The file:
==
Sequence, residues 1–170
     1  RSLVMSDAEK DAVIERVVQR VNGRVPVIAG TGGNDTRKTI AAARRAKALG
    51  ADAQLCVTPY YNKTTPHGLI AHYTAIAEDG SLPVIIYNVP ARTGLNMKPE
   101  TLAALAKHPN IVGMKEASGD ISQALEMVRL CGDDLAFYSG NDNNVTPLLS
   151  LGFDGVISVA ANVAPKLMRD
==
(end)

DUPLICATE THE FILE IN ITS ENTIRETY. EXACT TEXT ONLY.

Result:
Sequence, residues 1–170
     1  RSLVMSDAEK DAVIERVVQR VNGRVPVIAG TGGNDTRKTI AAARRAKALG
    51  ADAQLCVTPY YNKTTPHGLI AHYTAIAEDG SLPVIIYNVP ARTGLNMKPE
   101  TLAALAKHPN IVGMKEASGD ISQALEMVRL CGDDLAFYSG NDNNVTPLLS
   151  LGFDGVISVA ANVAPKLMRD